The last article in our Endangered Species series is dedicated to the Barred Galaxias, an extremely rare, threatened fish. Pre-Black Saturday it existed in the small stream at Gallipoli Park in the heart of Marysville and now its future in this town is unknown.
Discovered in 1998 at this Marysville stream, from a population of approximately 40, only six Barred Galaxias were saved following Black Saturday and are currently in a cool room in tanks. This is an amazing little fish, indigenous to the area and on unfortunately now on the threat of extinction.
The Barred Galaxias (Galaxias fuscus) is a bright orange fish growing up to 15 centimetres long, but commonly reaching just 7 to 9 centimetres. It has up to 10 vertical dark bars on its side with at least one to four usually very distinct, clear to reddish-brown fins.
Trout directly compete with this species for living space and food and eat their tadpoles. The Barred Galaxias were protected from trout in the Marysville stream by a barrier which was singed in the fire. They are unable to return to their home due to drought and the unsuitability of this barrier.
The Barred Galaxias habitat is small, shallow, gravel-bottomed upland streams in mountainous which are typically cool and well oxygenated. Barred Galaxias is endemic to Victoria and is only known from one population in 12 streams in the upper Goulburn River catchment:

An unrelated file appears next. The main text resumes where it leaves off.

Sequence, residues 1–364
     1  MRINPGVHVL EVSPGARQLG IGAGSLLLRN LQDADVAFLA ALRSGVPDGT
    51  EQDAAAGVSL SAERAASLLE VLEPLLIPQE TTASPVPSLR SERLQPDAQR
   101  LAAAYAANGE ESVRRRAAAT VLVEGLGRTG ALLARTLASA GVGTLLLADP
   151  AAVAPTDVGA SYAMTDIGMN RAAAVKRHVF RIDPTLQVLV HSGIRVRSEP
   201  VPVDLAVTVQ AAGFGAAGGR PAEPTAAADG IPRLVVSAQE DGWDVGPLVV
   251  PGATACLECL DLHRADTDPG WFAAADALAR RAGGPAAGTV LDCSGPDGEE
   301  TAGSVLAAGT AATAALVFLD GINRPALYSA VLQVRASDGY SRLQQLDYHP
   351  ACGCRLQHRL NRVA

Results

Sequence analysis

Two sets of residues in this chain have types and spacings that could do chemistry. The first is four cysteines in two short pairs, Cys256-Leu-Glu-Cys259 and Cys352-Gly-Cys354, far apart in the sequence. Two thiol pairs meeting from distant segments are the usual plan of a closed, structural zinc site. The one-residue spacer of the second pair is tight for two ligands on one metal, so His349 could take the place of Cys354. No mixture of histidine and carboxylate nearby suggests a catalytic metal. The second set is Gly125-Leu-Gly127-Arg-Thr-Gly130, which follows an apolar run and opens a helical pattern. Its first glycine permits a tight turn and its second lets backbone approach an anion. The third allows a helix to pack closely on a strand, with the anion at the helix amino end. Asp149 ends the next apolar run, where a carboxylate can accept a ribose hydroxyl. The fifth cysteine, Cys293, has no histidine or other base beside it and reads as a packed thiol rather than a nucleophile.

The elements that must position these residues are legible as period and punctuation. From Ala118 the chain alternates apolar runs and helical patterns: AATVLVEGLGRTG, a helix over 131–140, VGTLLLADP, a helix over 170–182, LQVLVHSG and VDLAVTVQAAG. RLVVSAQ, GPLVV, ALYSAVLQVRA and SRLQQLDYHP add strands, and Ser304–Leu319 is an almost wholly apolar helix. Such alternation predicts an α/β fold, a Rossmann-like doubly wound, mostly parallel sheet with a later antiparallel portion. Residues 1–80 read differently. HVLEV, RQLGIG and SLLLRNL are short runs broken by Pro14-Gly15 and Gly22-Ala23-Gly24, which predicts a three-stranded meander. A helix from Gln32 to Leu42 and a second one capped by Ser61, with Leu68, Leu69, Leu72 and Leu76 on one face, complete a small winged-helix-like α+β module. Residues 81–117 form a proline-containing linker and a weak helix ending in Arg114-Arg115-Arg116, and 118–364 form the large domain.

• Stanley, Bindaree and Falls Creeks near Mount Stirling
• the upper Rubicon River and the upper Torbreck River near Lake Mountain
• Godfrey, Raspberry, Perkins and Pheasant Creeks and Brewery Gully near Woods Point
• in Gallipoli Park in Marysville (currently not housed)
• the upper Taggerty River, Keppel Hut Creek
Most of the remaining populations are geographically isolated from each other by the presence of trout and it’s unlikely that any gene flow exists between these populations.
At least five populations are presumed to have become extinct since its description in 1936, disappearing from Mountain Creek near Kinglake, Whitehouse Creek near Lake Mountain, Quartz Creek and the lower Rubicon River near Rubicon, and Gaffneys Creek near Woods Point.
The Barred Galaxias is non-migratory, completing its whole life cycle in freshwater. Consequently, this species has little ability to recolonise areas after localised extinctions Trout-free zones have been established, however, to date there has been limited movement of the fish into these zones. This is possibly due to the extremely small source population sizes, the low reproductive or recruitment rates, and potential small natural movement patterns.
Very limited work has been conducted on aspects of the ecology and life history of the Barred Galaxias, after initial studies deeming it to be separate, was classified as a sub-species of the Mountain Galaxias. It was only in 1989 that Barred Galaxias was reinstated as a distinct species.
In 1995, Department of Sustainability and Environment (DSE) produced an ‘Action Statement’ for the Barred Galaxias, which remains current today. It’s designed to protect and ensure the Barred Galaxias’s long-term survival.
Photo: © Gunther Schmida